Is it in shade through the summer time? Looks like a combination of shade decline, poor soil pH and improper or lack of feeding.

ICT Bill
04-29-2008, 10:28 PM
Hit it with chitosan, N-acetyl-D-glucosamine, you will be amazed at the results. EPA registered as a bio-pesticide. It hydrolyzes fungi, basically turns it to water. make sure you cover 80% of the leaf

Yes this is the same stuff I take and give to my dog every day.

With a 1-2-3 NPP mix 1/2 ounce per gallon treat at 2 gallons per 1000

Yes it is our product, make your own if you like. Just its a little pricey from the pharmacy, our price $0.68 per 1000, yep 68 cents

bostonkelly
09-19-2008, 03:56 PM
If it is in fact Take All, fertilizing is the last thing I would do. I have had a heck of time with Take the past two years and discovered Urea actually contributes to the problem. If anything I might use a light coat of Ammonium Sulphate. The Sulphur lowers the pH and helps a little at first. A & M suggests peat moss, banner maxx/heritage, raise the mowing height, aereate. To tell you the truth I have been less than effective in getting it under control...but when I tried to fertilize it out of it, the problem just got worse.

Has anyone had better results? I would love to hear about it!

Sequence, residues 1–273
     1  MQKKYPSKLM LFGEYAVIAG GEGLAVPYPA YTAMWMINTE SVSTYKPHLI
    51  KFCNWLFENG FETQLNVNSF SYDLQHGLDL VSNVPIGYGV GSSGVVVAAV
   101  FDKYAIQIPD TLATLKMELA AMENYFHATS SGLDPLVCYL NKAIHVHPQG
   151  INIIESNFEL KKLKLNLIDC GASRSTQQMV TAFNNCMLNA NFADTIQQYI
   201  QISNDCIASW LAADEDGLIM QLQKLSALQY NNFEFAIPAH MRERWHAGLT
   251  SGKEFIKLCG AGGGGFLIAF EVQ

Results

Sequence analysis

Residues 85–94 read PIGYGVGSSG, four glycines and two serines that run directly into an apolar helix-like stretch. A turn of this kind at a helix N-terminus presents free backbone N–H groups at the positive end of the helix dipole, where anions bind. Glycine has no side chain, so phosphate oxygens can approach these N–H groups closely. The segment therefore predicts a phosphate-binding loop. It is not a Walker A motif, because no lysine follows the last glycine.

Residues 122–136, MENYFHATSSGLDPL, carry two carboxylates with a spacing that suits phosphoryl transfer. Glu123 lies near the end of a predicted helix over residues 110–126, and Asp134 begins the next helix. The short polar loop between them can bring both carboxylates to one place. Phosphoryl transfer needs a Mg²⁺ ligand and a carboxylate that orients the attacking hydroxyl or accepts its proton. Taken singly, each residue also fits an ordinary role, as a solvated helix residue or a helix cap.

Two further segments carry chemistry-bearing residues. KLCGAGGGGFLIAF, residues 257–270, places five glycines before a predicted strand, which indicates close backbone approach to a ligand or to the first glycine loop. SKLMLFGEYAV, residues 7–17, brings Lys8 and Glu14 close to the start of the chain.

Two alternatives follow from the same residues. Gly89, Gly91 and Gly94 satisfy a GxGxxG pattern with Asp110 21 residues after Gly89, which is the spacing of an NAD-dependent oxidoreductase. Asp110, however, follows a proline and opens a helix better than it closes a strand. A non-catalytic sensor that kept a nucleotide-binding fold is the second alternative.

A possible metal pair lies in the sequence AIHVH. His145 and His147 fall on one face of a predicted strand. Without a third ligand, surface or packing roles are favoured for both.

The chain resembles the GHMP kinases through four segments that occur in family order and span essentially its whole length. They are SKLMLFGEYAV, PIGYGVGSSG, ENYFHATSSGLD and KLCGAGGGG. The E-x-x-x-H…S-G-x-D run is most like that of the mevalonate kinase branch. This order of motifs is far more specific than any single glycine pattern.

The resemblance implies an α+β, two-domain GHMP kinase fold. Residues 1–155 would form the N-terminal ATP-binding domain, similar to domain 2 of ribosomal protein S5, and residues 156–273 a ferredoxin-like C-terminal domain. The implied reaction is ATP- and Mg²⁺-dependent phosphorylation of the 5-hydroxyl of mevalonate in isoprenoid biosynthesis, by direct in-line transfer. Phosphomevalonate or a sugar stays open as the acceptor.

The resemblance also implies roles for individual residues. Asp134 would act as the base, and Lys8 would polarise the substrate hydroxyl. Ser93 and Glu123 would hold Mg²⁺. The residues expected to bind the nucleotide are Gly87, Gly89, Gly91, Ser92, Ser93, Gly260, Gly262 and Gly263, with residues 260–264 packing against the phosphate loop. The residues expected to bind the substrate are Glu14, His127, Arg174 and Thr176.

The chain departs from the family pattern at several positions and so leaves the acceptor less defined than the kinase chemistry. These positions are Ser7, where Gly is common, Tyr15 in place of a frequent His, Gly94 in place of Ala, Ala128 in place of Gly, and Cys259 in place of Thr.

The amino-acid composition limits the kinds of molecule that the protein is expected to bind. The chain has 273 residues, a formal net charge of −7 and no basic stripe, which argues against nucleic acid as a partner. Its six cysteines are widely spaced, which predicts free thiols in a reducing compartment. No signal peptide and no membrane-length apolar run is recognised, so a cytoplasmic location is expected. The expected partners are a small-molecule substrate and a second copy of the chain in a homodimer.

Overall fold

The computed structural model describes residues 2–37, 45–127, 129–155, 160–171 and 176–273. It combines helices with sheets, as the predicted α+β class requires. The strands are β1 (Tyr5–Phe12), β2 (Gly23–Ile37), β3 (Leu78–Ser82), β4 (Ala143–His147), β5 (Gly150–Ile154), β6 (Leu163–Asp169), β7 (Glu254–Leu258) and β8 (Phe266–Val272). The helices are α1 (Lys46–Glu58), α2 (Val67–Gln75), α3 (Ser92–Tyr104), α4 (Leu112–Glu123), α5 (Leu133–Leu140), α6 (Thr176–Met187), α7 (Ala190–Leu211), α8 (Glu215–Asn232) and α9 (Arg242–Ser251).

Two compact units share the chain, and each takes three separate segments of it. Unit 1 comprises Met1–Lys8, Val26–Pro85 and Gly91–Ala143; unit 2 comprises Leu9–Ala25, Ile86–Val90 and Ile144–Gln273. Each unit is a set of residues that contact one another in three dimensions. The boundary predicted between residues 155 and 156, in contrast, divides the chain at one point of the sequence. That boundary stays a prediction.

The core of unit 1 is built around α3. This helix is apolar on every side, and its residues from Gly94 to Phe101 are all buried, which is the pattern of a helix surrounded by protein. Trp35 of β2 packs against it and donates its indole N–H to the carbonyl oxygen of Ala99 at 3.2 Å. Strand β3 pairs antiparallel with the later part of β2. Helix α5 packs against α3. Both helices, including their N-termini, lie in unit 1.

ICT Bill
09-19-2008, 05:31 PM
If it is in fact Take All, fertilizing is the last thing I would do. I have had a heck of time with Take the past two years and discovered Urea actually contributes to the problem. If anything I might use a light coat of Ammonium Sulphate. The Sulphur lowers the pH and helps a little at first. A & M suggests peat moss, banner maxx/heritage, raise the mowing height, aereate. To tell you the truth I have been less than effective in getting it under control...but when I tried to fertilize it out of it, the problem just got worse.

Has anyone had better results? I would love to hear about it!

Old post but you are right, Take all patch is a fungal disease and can be moved from lawn to lawn easily by mowers. A nice lawn on Monday can be dirt on Friday the stuff spreads so quickly, we have good to great results with our NPP product, it is extremely safe. It stops it in its tracks and usually there is new growth in 3 or 4 days